Gold and silver drifted lower in declining volume. On Tuesday, the day of tonight’s Commitment of Traders report, gold’s Comex turnover fell to 211,897 contracts, compared with more normal days of 300,000 to 450,000. When turnover drops like this, it often indicates downside exhaustion and precedes a technical rally.
Gold fell a further $12 from last Friday’s close to $1268 in early European trade this morning (Friday), and silver by 10 cents to $16.59.
These are holiday numbers, and probably reflect China’s annual Golden Week holidays, which are this week. Ironically, it is the one week that’s not golden for markets, removing the largest source of physical demand for gold for a whole week. This is likely to be a big part of the reason why precious metal trading has ground to a halt.
If this is the case, there could be a pick-up in physical demand next week. More importantly perhaps, is the Chinese 19th Party Congress, which commences on 18th October, after which plans for future development are likely to be confirmed and will proceed. This should lead to renewed demand for base metals, likely to be reflected in futures prices in the coming days. There is therefore a reasonable prospect of silver prices outpacing gold.
Part of the reason for precious metals being weak is a continuing dollar rally. The USD Index Future has risen 3.1% since 8 September, when gold topped out. Ms Yellen warned last week that USD interest rates may have to rise quicker than originally thought, and doubtless this has helped the dollar. It certainly gave sterling a boost when Mark Carney echoed her thoughts, though sterling has since declined on political turmoil, following the Conservative party conference.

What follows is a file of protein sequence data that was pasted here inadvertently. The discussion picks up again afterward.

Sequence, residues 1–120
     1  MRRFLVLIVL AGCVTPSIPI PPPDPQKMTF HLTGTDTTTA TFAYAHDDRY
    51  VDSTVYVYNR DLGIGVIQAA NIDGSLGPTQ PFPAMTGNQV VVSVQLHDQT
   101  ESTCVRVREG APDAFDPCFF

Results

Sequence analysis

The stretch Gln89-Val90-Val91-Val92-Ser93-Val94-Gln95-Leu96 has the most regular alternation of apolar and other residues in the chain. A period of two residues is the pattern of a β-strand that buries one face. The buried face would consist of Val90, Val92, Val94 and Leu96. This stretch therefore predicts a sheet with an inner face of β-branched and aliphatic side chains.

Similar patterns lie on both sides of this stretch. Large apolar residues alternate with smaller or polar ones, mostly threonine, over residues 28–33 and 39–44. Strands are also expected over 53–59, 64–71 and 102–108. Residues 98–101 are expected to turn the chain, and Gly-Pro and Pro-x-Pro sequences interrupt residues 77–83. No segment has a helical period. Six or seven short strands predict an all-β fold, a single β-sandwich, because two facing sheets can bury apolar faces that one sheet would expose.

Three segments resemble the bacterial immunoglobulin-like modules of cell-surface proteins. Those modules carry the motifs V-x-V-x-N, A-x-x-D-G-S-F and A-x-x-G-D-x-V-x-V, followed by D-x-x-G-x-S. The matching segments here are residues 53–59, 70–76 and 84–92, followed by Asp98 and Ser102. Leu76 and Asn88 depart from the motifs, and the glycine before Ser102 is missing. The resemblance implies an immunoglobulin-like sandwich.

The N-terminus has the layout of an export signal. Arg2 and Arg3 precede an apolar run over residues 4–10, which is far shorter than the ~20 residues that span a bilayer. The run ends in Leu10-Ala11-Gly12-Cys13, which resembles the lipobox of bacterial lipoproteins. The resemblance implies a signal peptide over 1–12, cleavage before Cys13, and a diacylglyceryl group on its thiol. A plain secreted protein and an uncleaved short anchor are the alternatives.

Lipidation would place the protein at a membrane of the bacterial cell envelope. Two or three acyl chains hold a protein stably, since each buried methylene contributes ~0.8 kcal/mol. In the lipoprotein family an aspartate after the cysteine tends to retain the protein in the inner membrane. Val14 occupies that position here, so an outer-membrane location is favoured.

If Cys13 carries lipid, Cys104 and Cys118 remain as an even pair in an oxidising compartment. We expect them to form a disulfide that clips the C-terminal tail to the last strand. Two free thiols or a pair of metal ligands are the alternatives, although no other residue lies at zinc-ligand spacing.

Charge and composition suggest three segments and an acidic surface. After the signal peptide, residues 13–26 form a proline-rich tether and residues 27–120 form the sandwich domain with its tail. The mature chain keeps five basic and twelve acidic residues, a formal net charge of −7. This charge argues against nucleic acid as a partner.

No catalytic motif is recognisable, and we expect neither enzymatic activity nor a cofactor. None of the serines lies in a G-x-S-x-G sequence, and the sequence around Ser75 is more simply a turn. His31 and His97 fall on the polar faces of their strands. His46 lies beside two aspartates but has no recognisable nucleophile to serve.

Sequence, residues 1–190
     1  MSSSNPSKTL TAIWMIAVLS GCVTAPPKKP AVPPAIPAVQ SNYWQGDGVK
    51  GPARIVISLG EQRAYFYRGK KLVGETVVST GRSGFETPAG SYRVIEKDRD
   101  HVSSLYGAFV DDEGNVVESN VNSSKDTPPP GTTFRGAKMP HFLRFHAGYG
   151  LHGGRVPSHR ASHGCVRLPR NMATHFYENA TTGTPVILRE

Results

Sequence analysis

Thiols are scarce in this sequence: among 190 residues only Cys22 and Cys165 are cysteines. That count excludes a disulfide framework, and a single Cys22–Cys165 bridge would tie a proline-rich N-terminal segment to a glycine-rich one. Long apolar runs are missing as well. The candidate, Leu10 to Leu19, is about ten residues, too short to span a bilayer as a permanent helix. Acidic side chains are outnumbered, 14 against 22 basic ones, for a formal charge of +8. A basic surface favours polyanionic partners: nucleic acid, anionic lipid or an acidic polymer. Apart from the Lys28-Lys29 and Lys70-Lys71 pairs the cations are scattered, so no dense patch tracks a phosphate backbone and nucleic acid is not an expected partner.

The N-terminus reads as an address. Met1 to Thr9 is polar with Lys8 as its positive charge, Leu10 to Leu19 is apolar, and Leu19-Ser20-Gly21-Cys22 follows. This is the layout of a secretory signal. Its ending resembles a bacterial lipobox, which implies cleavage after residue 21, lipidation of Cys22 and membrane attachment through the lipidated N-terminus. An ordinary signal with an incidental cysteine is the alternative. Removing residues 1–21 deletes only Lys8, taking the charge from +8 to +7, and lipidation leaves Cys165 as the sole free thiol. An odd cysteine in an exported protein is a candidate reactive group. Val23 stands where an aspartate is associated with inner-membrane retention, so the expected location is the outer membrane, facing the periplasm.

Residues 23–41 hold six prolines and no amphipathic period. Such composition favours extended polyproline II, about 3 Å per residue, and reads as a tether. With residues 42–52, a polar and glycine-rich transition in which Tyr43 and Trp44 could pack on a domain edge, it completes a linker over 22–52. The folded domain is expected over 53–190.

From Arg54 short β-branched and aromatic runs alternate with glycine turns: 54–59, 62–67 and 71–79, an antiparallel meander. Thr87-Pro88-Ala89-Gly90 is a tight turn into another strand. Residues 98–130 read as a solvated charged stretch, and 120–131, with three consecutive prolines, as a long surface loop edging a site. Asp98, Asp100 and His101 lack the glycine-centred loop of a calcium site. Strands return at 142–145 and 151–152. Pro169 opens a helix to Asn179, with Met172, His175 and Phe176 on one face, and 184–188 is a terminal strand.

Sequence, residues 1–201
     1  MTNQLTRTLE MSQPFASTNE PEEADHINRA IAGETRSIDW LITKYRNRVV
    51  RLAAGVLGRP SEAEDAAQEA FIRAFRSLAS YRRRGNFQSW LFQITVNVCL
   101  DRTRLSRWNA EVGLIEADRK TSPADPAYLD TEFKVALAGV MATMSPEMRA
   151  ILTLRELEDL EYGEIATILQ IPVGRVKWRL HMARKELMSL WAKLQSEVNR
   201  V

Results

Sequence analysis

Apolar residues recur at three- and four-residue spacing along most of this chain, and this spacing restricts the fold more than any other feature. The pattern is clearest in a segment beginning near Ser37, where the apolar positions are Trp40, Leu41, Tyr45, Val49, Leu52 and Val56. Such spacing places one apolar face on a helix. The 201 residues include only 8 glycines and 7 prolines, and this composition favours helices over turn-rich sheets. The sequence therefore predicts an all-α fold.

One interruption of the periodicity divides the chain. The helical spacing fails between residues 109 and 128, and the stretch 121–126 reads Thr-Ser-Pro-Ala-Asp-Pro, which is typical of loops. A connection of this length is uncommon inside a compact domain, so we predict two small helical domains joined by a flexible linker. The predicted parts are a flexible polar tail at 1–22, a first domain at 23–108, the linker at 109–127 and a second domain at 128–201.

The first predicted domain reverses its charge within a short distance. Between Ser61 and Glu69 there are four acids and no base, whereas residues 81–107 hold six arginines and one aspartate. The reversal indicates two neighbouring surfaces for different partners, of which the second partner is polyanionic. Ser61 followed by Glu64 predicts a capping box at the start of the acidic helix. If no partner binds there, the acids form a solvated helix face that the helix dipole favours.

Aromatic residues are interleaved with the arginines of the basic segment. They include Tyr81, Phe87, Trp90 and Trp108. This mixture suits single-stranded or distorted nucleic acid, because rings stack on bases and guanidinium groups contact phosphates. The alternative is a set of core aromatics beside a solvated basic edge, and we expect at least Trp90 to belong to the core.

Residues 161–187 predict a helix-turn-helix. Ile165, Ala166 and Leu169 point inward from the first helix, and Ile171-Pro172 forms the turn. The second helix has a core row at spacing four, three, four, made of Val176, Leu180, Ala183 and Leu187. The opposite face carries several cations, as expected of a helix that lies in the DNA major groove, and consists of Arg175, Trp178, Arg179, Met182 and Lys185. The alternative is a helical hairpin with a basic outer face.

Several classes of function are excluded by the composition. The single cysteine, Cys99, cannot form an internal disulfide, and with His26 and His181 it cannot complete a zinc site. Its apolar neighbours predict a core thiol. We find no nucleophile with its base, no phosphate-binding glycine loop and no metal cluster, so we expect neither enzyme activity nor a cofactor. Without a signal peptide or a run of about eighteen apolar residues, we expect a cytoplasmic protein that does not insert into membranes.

The dogs that have yet to bark in the night are the European and Japanese central banks, still stuck with negative interest rates. However, the minor weakness in these currencies is likely to be temporary, once the interest rate debate devolves their way.
Our next chart shows the effect of gold’s recent weakness in the four major currencies.
Gold measured in euros is now down 1% on the year, and in sterling up only 4%. It will be interesting to see whether these low prices stimulate public demand for physical metal.
Looking ahead, gold will have to adjust to a world of rising interest rates, particularly in the Eurozone and Japan. As I argue in this week’s Insight, it appears the world is already in a phase of credit expansion angled at non-financial businesses. The implication is that in real terms adjusted for rising price inflation interest rates will be at their most negative, and that central banks have already lost control over credit demand. These are the best conditions for gold, silver, and industrial commodities, because the purchasing power of unbacked state currencies will accelerate their decline.
The transition from today’s simplistic relationships, characterised by strong dollar equals weak gold, higher interest rates equals strong dollar, is bound to be muddled. But for those prepared to take a view, the outlook for gold and silver prices appear to be improving.
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